THE WILD WOMBAT
Written by Udo Weigelt
Illustrated by Melanie Freund
Translated by Kathryn Grell
Michael Neugebauer Publishing 5/01/2019
48 Pages Age 3—6
Genre: Children’s Picture Book, Fiction
Themes: (Not) Judging Others, Animals
A wild wombat is coming to the zoo. The animals don’t know what a wombat is, but when they learn the news, one by one they let their imaginations run riot. Before long they conclude it must be a terrible monster, bigger than an elephant, faster than a gazelle, with sharp fangs and claws that can destroy them.
This hilarious and timely picture book provides a powerful lesson in what happens when we judge others before we get to know them. (from jacket flap)
It was a hot summer day at the zoo when Parrot overheard one zookeeper say to another, “Today the wild wombat is coming—all the way from Australia! We must be very careful with him.”
Why I like this book
Parrot overhears two zookeepers, who say a wild wombat from Australia is arriving today. They said they had to be “very careful with him.” Why do they need to be careful? Parrot tells Seal who wonders (if) “the zookeeper is really afraid.” Seal becomes worried, so he goes to Chameleon, who “gasped in terror,” thinking if it can out swim Seal, the wild wombat must be a “terrible sea monster.” Concerned as well, Chameleon runs over to Owl. One-by-one, an alerted animal, crazy with fear and beginning to image the worst, tells another animal, and that animal runs to the next, until the fear-frenzy ends with the lions. No one knew what a wild wombat is, except that it was going to live in their zoo.
The Wild Wombat is filled with colorful animals that are real characters. Not only are they talking about their fear of the “wild wombat,” they are imagining the fear. When Chameleon hears, he is on the phone, and [SPOILER ALERT] Chameleon imagines the phone turns into an orange monster with a mouth full of piranha teeth. The monster each animal envisions shows up on the split page. Young children can see the transformation from animal to monster, no page turn required. The mid-page stands up just enough for little fingers to pull it down, revealing the MONSTER!
Artist Melanie Freund created a zany zoo young children will love, as they are the ones who would have normally imagine such a zoo. Like most zoos, the animals have housing, but at this zoo, the animals live in homes. Framed pictures of zoo-mates hang on walls, bathrooms are, uh-um, bathrooms, and baby beds hold unborn eggs. In this zoo, the
animals, no, residents have pool parties, barbecues, and even fish for fun with fishing poles. Ms. Freund’s imagination and creativity will make children giggle, though Lion and Gazelle’s monsters gave me a “WHOA-moment.”
All of the gossiping and imagining monsters clearly show these comfortable creatures are judging the wild wombat before they even know him. Some children will relate to Wombat if they have been the new kid at school or in the neighborhood. Children will relate to Wombat if they have ever wanted to try something and were told, “not yet” or was diverted to something else. Author Udo Weigelt’s The Wild Wombat can be a springboard for a discussion about not judging others before getting to know them or endangered species, since the wombat is such a creature.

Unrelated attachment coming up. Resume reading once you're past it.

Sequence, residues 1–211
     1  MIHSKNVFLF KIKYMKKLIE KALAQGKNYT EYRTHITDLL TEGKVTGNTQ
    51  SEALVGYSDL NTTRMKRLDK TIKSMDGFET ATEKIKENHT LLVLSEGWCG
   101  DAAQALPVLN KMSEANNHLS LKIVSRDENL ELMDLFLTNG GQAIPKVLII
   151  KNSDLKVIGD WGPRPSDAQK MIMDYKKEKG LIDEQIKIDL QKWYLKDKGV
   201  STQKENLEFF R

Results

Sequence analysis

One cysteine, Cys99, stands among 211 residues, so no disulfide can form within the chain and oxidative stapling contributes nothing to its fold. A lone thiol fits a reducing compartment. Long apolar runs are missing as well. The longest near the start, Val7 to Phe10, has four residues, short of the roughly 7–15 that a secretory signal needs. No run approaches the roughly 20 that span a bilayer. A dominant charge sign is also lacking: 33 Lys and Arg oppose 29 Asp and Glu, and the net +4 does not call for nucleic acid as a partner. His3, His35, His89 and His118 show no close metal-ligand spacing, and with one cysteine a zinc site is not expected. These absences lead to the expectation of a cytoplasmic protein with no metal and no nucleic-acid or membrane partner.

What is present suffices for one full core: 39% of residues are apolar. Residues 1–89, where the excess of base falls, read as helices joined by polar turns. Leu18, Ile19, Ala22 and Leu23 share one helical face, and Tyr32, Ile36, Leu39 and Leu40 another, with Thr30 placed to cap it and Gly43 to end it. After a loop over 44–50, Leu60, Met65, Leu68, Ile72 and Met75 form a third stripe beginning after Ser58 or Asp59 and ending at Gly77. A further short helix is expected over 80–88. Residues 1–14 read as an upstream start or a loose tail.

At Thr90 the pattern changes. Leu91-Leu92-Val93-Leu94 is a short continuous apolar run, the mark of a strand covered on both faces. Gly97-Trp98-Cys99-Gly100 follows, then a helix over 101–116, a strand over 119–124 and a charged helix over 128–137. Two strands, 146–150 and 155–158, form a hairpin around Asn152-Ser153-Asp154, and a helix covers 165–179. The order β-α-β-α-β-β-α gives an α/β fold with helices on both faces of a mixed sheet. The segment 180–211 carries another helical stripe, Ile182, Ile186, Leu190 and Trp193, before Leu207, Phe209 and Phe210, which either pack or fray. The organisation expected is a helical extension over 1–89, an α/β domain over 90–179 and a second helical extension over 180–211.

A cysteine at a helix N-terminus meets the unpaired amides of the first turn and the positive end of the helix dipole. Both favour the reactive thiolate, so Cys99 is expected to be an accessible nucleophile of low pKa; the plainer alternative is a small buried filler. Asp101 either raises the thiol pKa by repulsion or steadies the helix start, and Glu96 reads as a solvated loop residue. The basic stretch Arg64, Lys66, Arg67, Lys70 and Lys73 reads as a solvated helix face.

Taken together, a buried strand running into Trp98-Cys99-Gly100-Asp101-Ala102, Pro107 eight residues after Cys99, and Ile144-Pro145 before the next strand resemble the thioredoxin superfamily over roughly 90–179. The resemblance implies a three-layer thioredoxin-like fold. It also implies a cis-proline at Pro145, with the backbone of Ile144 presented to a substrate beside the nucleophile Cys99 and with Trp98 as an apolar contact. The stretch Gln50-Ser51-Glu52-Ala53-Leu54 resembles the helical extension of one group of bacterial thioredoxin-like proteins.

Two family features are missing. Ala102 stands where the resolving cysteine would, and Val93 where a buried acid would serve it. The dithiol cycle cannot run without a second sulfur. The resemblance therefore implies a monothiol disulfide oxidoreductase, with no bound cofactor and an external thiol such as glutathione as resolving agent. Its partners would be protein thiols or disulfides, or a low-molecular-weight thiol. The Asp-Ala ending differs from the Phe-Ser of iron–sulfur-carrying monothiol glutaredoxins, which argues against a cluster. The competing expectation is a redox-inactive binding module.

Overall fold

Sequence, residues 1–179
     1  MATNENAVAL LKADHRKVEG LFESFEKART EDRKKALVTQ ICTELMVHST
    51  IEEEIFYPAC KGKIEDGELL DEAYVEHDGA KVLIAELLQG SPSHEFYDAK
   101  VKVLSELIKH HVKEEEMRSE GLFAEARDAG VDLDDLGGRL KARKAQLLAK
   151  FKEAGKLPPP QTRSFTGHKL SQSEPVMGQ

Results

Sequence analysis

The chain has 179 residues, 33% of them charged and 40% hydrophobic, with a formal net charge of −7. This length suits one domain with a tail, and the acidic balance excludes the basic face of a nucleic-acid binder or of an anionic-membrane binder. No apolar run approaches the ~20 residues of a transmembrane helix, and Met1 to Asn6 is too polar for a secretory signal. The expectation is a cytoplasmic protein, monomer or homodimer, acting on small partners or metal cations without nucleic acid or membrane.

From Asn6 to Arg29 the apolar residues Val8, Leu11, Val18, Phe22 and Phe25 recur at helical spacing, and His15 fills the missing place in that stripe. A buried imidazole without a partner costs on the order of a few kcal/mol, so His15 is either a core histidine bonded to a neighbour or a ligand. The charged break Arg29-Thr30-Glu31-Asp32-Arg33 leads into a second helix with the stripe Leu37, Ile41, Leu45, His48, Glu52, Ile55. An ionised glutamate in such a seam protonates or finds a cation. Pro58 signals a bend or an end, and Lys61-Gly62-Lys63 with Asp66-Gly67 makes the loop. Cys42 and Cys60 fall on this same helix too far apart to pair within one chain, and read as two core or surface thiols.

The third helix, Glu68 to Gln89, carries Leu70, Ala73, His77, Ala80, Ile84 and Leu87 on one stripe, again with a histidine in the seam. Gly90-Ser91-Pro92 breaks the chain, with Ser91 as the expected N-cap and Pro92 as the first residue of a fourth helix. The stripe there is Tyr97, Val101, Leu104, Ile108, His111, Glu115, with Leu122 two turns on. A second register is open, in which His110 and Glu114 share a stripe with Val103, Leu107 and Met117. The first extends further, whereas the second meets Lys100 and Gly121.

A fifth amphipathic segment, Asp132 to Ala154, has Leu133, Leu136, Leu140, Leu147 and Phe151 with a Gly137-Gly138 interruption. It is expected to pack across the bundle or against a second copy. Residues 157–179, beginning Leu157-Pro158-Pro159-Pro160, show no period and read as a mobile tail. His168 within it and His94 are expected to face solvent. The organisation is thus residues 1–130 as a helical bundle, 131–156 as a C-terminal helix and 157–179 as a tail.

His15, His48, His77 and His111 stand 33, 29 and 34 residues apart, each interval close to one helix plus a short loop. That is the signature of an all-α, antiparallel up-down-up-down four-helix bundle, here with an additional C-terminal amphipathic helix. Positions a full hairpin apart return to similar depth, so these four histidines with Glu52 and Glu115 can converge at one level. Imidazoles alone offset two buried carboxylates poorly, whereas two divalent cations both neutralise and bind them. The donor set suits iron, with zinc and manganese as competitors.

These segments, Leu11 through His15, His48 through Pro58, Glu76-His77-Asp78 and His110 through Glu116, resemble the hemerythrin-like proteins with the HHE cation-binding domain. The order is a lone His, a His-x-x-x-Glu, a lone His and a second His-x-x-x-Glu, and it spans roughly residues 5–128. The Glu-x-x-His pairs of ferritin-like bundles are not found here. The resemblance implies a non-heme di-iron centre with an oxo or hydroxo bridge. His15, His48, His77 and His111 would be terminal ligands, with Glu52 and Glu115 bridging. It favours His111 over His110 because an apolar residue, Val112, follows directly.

A wild wombat from Australia is arriving at the zoo today. A zookeeper says, “we need to be very careful with him.” Why do they need to be careful? I do not know why he needs to be careful, (the animals could have asked the zoo keeper that said this), but [SPOILER ALERT] the wombat is really cute. Kids will love The Wild Wombat story and giggle at the zoo Wombat is moving into.
But . . . There is a small discrepancy in the book. The writer wrote, “Then a van drove into the zoo with a big crate.” On the next page, a red truck enters the zoo carting a big crate in its cargo bed. It’s not a big deal, yet some kids will notice.
Elephant asks Kangaroo if what he’s heard about the wild wombat is true. He asked Kangaroo because he also came from Australia. Kangaroo tells Elephant all he knows about wild wombats. Two spreads later, Flamingo runs to tell the Lions what he “overhead.” I love this because if you look at the spreads from Kangaroo’s place, Flamingo stands close to the fence stretching his neck to hear Kangaroo talk. He never overheard, he is listening in, as if he has his ear to a wall. I think the artist gave the picture book some little scenes for adults, to makes us laugh—and it did.
There is a framed certificate of the wombat complete with paw prints. The wombat is described, including its eating habits, composure, and life span. It is all very interesting. Then it says, “Unfortunately, the wombat is one of Australia’s most endangered species.” This is extremely heartbreaking.
Available at Amazon
The Wild Wombat is a reissue from a 2002 original published by NorthSouth Books. Available at Amazon
At Amazon, if you use the “Look Inside” option (top right corner of cover), with the 2019 edition, you will be seeing pages from the original, 2002 book illustrated by Anne-Katrin Piepenbrink.
THE WILD WOMBAT. Text Copyright © 2009/2019 by Udo Weigelt. Illustrations copyright © 2009/2019 by Melanie Freund. Published by Michael Neugebauer Publishing / Minedition, Kowloon, Hong Kong.
Originally published in 2002 by NorthSouth Books
Copyright © 2019 by Sue Morris/Kid Lit Reviews. All Rights Reserved
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